For road sources, the user can enter hourly speed and traffic flow data into the model and use ADMS-Urban's built-in emission factors or, alternatively, the user can enter pre-calculated emissions data, for example emissions calculated within CERC's Emissions Inventory Toolkit, EMIT, which includes many factors such as current and future factors for Euro standard engines.

Modelling roads in urban areas is more complex than just modelling the emissions from traffic as a line source. Both the effect of street canyons and traffic-induced turbulence are included when roads are modelled in ADMS-Urban. Advanced street canyon modelling requires an additional data file containing canyon geometry information for each side of the road.

ADMS-Urban can model the ‘blocking’ effect of elevated road carriageways, which prevent downwards dispersion of emissions within the carriageway. Road tunnels can also be modelled, with emissions automatically moved from the tunnel road to outside the tunnel exit portal and/or a ventilation stack.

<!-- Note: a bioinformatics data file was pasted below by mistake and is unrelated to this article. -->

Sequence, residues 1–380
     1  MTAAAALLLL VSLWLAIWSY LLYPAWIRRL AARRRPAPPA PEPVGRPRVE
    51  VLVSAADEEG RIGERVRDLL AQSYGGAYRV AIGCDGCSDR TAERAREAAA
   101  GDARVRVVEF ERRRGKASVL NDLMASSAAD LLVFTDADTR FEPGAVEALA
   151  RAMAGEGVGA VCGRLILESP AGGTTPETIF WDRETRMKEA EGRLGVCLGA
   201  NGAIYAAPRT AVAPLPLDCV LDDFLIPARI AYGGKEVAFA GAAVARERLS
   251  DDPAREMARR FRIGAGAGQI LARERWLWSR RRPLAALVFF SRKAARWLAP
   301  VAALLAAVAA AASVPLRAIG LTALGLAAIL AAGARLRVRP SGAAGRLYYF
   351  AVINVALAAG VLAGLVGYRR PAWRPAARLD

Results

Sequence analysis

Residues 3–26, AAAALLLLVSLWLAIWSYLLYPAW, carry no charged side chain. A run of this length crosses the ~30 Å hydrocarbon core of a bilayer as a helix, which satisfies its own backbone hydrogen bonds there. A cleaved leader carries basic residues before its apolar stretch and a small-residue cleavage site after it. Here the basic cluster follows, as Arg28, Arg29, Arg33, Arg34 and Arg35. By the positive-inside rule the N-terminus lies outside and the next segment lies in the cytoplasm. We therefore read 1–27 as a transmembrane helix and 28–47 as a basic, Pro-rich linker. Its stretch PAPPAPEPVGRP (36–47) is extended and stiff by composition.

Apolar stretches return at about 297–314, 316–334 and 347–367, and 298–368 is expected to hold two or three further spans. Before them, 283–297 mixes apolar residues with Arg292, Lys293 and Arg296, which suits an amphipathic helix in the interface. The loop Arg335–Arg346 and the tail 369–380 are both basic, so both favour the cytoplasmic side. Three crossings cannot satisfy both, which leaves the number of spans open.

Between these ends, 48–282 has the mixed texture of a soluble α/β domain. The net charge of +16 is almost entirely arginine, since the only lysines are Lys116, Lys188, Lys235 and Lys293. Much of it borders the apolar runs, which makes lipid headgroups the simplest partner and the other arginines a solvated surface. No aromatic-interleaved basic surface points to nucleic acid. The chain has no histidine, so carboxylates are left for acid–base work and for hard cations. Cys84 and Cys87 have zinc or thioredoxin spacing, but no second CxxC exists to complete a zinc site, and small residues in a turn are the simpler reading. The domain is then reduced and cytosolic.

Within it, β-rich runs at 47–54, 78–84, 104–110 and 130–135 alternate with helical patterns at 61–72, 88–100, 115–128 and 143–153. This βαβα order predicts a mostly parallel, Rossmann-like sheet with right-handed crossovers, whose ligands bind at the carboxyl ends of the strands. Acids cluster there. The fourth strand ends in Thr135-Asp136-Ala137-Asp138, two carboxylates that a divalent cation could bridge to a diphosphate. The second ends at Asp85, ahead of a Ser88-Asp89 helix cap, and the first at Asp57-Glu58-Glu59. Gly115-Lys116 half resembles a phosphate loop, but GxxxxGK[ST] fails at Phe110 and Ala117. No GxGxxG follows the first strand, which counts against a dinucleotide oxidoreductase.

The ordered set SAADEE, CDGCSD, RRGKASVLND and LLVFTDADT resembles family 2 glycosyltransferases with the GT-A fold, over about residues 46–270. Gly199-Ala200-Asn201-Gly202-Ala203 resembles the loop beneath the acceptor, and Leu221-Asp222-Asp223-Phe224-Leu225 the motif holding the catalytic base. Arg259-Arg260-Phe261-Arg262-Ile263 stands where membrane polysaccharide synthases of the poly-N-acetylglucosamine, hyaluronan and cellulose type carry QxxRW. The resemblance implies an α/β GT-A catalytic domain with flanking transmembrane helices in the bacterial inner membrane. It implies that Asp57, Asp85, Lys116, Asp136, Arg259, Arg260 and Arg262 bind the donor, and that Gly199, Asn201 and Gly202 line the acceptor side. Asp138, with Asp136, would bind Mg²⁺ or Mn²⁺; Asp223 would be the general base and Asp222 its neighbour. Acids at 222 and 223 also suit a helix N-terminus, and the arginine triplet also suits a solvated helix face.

Background ambient concentrations

When modelling any local emissions, it is important to include the background ambient concentrations that are advected from outside the modelling area. Background ambient concentrations can be hourly values, or if these are not available, constant values can be assumed.

In the UK, these background data can be downloaded from the Defra website (http://uk-air.defra.gov.uk/data/) and included directly in any ADMS-Urban modelling scenario.

Aggregated emissions

In urban areas, it is also important to include the aggregated emissions from sources that may be too small to define explicitly, but whose aggregate emissions contribute to overall pollution levels. For example, domestic emissions of NOx from an individual household may not be known, but the aggregated emissions could be calculated using area-wide figures for fuel consumption. In ADMS-Urban, a grid source with up to 3000 grid cells can be included in any run to represent these aggregated emissions.

Model output data[top]

Example time series image